Julia’s Café and Bistro is located across the street from the Northlink Ferry Terminal (where I had traveled to/from Orkney twice before) and its easy-access car park. Julia’s serves fresh, local and extremely delicious food and coffee drinks. Marsha had the Orkney salmon cakes with rocket salad, and I had the nut roast with cranberry wine sauce and a rocket salad. It was one of those meals that one doesn’t want to end because they taste so good. Fortunately, we segued into a small sampling of the baked goods accompanied by a latte for me and hot chocolate for Marsha.

Thusly satiated, we headed off to the Ring of Brodgar which I have previously written about here. We drove out of Stromness on Back Road, around the southern shore of the Loch of Stenness on the A965 until we made the (now) left-hand turn on to the B9055. We drove past the Standing Stones of Stenness and the Watchstone, across the Brig O’ Brodgar and the Ness of Brodgar (with its archeological dig well covered for the season) to the car park. A short walk up the path and we found ourselves alone for the most part at the Ring. As Marsha slowly walked counter-clockwise around the circle, I chose this time to just stand in one place and spend my time taking in the view that surrounds the hill on which the Ring of Brodgar stands.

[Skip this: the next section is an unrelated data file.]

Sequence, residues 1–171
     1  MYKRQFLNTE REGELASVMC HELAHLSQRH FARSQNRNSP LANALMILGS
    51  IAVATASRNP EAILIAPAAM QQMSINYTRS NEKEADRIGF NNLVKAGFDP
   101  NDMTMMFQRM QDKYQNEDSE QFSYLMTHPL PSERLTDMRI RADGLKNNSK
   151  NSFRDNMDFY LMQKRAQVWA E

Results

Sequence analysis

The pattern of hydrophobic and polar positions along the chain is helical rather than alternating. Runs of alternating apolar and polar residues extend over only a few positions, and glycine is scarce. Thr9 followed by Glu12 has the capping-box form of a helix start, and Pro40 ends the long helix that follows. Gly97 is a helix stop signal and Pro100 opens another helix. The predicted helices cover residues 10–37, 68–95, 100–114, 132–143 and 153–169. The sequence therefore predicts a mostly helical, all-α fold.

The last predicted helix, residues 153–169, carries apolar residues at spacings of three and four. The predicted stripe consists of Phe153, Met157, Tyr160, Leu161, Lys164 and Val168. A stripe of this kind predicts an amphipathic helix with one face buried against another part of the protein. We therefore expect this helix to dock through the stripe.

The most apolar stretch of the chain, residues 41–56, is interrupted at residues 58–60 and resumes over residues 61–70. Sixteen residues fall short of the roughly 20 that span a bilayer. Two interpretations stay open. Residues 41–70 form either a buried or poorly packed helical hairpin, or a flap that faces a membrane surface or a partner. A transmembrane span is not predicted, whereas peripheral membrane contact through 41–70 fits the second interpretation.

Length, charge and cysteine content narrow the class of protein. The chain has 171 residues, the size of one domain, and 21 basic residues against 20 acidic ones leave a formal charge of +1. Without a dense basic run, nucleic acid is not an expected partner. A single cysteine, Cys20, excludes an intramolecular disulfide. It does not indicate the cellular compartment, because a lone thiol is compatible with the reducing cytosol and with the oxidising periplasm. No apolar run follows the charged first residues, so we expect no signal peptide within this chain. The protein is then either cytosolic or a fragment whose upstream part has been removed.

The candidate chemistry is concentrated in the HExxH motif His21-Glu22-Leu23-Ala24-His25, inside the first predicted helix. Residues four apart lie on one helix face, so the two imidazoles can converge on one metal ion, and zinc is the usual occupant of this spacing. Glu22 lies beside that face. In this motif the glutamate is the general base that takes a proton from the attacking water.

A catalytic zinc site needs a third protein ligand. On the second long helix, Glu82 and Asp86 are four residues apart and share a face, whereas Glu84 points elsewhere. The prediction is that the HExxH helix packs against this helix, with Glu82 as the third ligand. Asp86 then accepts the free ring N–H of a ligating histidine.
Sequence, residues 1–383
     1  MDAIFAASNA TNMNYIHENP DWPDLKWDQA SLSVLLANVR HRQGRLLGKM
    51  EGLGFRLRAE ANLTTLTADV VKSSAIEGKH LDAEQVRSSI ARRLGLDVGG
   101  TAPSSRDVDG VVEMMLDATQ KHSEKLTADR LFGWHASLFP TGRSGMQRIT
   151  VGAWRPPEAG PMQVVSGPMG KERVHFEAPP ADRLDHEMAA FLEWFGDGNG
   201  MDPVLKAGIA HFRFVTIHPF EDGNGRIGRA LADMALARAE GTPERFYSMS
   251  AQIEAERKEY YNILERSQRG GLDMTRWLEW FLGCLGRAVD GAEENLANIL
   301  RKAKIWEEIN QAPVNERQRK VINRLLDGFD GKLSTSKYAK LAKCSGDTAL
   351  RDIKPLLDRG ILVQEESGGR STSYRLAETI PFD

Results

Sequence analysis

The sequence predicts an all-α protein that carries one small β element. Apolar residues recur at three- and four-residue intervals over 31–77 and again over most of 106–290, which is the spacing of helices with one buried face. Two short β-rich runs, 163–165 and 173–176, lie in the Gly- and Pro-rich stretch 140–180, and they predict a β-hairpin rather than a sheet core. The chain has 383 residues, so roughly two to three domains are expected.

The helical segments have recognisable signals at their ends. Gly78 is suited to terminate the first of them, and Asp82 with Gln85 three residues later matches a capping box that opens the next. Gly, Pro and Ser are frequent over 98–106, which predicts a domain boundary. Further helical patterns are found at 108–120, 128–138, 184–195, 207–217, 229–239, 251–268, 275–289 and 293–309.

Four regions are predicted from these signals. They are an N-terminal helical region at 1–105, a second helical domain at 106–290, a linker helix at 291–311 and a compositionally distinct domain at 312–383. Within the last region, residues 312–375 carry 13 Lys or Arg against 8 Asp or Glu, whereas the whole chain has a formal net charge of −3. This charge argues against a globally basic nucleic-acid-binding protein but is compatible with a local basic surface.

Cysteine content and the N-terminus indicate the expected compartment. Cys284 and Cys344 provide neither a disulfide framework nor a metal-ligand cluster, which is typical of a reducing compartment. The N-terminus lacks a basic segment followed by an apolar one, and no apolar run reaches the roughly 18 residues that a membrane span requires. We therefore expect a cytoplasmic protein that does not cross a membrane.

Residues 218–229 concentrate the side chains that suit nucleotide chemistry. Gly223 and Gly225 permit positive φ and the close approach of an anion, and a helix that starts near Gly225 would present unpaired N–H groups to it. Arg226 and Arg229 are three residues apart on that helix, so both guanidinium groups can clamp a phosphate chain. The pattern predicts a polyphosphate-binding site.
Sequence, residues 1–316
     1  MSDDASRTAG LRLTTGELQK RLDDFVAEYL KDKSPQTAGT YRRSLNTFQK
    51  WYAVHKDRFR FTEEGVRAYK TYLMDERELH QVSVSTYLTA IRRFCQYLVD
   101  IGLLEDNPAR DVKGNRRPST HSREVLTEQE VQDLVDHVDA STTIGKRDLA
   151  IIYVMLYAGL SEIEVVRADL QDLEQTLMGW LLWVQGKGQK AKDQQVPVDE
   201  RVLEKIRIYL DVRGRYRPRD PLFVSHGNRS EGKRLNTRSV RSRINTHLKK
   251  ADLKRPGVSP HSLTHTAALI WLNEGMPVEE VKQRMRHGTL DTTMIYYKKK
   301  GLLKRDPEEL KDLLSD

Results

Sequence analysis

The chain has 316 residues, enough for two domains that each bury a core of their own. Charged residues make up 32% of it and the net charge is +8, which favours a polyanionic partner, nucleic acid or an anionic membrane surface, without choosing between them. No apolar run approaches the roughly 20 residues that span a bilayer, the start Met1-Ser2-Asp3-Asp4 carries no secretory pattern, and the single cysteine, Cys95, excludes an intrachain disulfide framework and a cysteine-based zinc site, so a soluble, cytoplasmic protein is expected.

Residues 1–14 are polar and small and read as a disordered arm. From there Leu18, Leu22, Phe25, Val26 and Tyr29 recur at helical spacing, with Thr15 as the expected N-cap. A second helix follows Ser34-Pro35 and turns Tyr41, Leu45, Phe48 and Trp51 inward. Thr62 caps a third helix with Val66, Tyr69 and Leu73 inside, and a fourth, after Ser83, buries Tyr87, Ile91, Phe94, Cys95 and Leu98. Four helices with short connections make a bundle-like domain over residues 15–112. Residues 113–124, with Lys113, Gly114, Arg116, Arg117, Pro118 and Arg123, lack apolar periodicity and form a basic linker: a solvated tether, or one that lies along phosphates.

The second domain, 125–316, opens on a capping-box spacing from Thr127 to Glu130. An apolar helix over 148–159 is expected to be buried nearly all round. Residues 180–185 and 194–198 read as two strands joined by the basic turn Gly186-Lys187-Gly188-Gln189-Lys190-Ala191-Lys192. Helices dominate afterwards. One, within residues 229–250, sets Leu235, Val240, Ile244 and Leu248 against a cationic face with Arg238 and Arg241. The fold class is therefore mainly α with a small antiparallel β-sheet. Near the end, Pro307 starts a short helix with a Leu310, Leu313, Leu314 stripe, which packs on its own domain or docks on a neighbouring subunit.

Across the Loch of Harray and a bit to the south sits Maeshowe; the Standing Stones of Stenness and the Watchstone are just to the southeast across the Ness of Brodgar. The Ring of Brodgar is surrounded by a number of prehistoric earthenworks, cairns, burial places, and mounds, of which Salt Knowe is one (Scottish: knowe, “knoll”). Standing to the south-west of the Ring, Salt Knowe mimics the shape of Maeshowe. It dates from 2500 BCE-1500 BCE and measures nearly 20 feet high. It stands adjacent to the salt water Loch of Stennes which is probably how it got its name. Unlike Maeshowe, the Salt Knowe was not made to cover a structure. It is a mound of earth for which the significance has yet to be determined, although this is some evidence that it may have been a place where ritual was performed at the top, or it was a mound that held no actual bodies and was instead dedicated to the ancient ones.